There’s a bloody lunar eclipse this evening, although the thunderclouds that are accompanying our unusually warm summer may get in the way. But whilst we’re on the subject:
Figures in the stars: How cultures across the world have seen their myths and legends in the stars
Let’s compare 28 different “sky cultures” to see differences and similarities in the shapes they’ve seen in the night sky. Ranging from the so-called “Modern” or Western constellations, to Chinese, Maori and even a few shapes from historical cultures such as the Aztecs.
And as we can see here, attempts to map and explain our place in the universe go back a long way.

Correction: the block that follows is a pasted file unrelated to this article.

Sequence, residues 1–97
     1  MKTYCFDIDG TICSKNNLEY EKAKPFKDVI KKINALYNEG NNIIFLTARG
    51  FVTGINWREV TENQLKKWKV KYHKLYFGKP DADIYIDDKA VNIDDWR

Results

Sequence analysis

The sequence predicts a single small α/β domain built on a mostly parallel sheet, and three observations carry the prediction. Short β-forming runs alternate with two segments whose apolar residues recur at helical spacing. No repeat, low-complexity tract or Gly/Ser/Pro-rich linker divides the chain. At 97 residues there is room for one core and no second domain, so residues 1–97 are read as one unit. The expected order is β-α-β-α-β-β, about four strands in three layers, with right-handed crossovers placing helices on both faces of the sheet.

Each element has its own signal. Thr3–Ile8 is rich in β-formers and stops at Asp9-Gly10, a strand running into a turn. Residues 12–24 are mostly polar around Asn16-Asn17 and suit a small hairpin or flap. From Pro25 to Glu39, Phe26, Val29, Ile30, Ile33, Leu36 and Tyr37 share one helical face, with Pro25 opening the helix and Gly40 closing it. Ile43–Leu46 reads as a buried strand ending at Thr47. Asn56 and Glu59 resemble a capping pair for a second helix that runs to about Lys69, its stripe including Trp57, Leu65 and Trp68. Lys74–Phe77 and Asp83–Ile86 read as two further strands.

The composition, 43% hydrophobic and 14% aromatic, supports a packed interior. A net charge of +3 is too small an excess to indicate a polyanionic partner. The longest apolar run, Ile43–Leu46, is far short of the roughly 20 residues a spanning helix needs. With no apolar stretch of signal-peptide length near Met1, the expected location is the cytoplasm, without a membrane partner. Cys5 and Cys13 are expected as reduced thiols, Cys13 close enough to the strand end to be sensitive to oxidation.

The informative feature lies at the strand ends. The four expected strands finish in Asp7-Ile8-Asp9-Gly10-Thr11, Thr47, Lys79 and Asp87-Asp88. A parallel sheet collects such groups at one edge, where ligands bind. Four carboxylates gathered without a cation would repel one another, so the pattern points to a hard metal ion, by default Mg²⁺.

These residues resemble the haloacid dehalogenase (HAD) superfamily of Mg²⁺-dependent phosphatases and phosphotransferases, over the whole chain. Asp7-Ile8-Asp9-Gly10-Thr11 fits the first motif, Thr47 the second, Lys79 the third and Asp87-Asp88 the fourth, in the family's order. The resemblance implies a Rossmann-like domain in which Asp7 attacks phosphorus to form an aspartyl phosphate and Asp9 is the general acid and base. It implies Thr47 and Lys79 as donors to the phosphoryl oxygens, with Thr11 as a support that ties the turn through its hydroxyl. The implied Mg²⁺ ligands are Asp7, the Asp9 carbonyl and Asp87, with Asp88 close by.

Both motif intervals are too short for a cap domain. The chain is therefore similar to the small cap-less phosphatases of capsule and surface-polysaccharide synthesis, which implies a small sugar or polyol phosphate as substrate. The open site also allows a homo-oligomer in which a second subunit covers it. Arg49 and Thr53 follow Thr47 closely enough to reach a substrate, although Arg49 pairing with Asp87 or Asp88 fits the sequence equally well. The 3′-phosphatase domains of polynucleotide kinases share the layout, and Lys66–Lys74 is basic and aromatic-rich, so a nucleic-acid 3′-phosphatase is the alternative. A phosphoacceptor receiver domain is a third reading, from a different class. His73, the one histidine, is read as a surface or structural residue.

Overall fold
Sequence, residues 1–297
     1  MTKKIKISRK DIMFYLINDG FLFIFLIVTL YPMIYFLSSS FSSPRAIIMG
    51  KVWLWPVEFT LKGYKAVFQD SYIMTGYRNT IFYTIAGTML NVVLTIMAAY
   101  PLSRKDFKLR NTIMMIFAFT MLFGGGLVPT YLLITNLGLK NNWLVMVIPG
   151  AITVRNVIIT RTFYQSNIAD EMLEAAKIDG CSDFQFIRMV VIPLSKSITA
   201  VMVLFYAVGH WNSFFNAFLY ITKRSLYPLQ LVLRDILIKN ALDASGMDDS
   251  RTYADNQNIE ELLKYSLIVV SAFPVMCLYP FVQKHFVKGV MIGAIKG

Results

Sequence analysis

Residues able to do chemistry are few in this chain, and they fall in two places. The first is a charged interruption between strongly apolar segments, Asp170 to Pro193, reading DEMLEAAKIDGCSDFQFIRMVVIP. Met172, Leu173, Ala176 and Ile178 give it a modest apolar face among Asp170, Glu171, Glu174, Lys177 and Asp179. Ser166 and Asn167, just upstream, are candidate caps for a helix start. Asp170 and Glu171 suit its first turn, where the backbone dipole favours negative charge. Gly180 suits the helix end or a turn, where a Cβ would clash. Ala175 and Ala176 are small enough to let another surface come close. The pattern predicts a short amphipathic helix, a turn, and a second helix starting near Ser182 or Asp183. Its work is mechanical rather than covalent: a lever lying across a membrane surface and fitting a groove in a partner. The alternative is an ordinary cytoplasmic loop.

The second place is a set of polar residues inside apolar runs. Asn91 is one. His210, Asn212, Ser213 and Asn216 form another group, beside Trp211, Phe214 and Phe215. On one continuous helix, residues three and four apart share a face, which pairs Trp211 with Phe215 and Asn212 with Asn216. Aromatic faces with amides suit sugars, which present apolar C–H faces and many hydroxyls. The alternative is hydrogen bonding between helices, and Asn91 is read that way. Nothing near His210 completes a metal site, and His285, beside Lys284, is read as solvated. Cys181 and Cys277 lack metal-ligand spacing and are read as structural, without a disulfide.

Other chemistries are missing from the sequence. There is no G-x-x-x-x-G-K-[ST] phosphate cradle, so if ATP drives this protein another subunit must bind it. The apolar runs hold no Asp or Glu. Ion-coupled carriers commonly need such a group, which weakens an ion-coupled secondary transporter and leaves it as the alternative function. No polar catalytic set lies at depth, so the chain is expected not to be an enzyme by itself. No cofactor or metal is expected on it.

Cosmography manuscript (12th Century)
This wonderful series of medieval cosmographic diagrams and schemas are sourced from a late 12th-century manuscript created in England. Coming to only nine folios, the manuscript is essentially a scientific textbook for monks, bringing together cosmographical knowledge from a range of early Christian writers such as Bede and Isodere, who themselves based their ideas on such classical sources as Pliny the Elder, though adapting them for their new Christian context.